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About Amit Varma

Amit Varma is a writer based in Mumbai. He worked in journalism for over a decade, and won the Bastiat Prize for Journalism in 2007. His bestselling novel, My Friend Sancho, was published in 2009. He is best known for his blog, India Uncut. His current project is a non-fiction book about the lack of personal and economic freedoms in post-Independence India.

My Friend Sancho

My first book, My Friend Sancho, was published in May 2009, and went on to become the biggest selling debut novel released that year in India. It is a contemporary love story set in Mumbai, and had earlier been longlisted for the Man Asian Literary Prize 2008. To learn more about the book, click here.

If you're interested, do join the Facebook group for My Friend Sancho

Click here for more about my publisher, Hachette India.

My posts on India Uncut about My Friend Sancho can be found here.

Bastiat Prize 2007 Winner

Recent entries

On Winning the Bastiat Prize for Journalism

I was fortunate a few days ago to win the Bastiat Prize for Journalism for the second time. The prize…

The Asuras Have Taken Over

As today is apparently Constitution Day, here’s a thought from the great BR Ambedkar, who is considered the chief architect…

All Your Base

Munna Kumar Sharma, the national secretary of the Hindu Mahasabha, has said about Aamir Khan: If not move to Pakistan,…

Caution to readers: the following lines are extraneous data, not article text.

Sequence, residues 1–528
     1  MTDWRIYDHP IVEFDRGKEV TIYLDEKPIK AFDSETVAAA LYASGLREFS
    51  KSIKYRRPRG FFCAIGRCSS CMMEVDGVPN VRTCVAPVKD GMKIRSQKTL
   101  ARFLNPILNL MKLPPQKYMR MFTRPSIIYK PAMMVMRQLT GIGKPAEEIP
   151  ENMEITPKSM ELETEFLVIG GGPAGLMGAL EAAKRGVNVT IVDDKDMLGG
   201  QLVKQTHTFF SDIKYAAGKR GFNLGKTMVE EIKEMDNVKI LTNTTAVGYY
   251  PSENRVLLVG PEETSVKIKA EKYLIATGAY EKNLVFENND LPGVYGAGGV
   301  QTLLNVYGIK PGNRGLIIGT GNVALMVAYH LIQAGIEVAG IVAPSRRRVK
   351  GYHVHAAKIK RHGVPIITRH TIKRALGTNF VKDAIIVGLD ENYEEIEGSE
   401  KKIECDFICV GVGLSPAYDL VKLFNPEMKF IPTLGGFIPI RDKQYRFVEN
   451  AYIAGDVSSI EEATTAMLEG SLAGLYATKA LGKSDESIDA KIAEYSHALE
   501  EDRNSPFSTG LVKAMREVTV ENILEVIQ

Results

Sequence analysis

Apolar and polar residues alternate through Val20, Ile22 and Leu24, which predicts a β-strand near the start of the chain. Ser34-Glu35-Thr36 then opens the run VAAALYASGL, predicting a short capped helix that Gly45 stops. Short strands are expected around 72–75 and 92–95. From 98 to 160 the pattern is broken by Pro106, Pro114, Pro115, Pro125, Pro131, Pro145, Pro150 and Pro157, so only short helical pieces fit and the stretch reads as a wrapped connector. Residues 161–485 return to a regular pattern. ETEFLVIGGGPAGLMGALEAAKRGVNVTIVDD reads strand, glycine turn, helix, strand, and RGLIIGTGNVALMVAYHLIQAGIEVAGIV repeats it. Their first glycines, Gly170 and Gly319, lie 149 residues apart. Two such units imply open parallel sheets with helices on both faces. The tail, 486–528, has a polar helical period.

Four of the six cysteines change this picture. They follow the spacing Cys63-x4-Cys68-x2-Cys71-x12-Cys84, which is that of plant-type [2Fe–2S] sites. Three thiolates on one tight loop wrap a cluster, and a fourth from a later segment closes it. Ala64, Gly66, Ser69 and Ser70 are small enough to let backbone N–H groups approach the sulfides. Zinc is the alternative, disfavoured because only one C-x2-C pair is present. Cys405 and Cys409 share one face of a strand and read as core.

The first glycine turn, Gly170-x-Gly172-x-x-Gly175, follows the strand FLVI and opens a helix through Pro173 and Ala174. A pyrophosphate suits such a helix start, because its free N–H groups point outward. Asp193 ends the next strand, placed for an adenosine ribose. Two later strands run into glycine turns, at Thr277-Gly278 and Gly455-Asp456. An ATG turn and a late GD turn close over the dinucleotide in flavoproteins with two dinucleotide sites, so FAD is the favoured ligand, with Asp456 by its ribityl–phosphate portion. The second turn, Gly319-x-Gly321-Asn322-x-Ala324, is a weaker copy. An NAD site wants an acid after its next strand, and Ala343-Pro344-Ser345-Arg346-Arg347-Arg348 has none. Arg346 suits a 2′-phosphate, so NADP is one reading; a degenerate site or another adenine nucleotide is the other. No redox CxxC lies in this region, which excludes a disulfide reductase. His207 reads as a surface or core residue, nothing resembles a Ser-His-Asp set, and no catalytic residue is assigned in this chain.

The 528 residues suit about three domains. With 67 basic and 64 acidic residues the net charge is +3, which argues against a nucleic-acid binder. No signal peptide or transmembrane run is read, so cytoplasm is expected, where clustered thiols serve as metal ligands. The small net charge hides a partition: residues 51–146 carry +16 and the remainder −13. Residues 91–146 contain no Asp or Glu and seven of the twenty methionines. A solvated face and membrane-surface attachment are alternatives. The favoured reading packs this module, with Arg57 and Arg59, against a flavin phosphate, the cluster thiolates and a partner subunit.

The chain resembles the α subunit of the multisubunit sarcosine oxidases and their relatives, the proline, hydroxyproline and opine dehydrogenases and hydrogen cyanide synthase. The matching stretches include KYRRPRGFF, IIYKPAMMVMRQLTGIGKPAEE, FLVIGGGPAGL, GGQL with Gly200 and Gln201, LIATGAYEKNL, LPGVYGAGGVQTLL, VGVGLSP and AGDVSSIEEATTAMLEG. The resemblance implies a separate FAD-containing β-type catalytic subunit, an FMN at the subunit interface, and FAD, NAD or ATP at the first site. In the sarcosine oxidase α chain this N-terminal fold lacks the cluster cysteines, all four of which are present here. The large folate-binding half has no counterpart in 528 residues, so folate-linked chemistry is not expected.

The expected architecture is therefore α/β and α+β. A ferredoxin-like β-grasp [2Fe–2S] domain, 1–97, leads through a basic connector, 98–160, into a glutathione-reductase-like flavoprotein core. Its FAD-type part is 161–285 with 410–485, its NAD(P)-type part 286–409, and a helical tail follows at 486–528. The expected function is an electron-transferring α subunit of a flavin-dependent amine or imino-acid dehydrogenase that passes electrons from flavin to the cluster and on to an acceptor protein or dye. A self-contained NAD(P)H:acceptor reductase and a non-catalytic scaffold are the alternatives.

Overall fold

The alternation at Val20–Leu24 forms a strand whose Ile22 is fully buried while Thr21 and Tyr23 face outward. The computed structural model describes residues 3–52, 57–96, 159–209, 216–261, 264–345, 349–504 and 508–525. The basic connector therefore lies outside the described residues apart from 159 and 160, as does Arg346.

It Strikes Me That…

... an essay about a selfie is itself a selfie of sorts. I wonder here, what would be more narcissistic…

The Image of the Country

So how has the government reacted to Aamir Khan’s recent comments about the growing intolerance in India? Rediff reports: The…

29 October, 2009

Capital Gains

Ashok Malik writes in The Hindustan Times that the BJP has hurt itself by chasing “straightforward capital gains” in a few states. He is right—but this is true of all parties in all states. People join the pursuit of power because they want the spoils of power. I would wager that not a single prominent politician in the country today gives a damn about public service.

This is not a problem by itself. We are all driven by self-interest, and that’s worked well for us. Human progress is based on individuals serving the needs of others for their own profit. In politics, this would work just fine if we held our politicians accountable for not serving us.

Sadly, in India we have retained the feudal mindset that our governments are there to rule us, not to serve us. With our apathy, we allow them to loot us—for their capital gains are really our capital to begin with. Our political parties are nothing more than competing mafia clans. If the BJP is down right now, it’s not because they are crooked, but because they’re not as smart as the other crooked players in the game. Such it goes.

Posted by Amit Varma in Economics | India | Politics | Small thoughts

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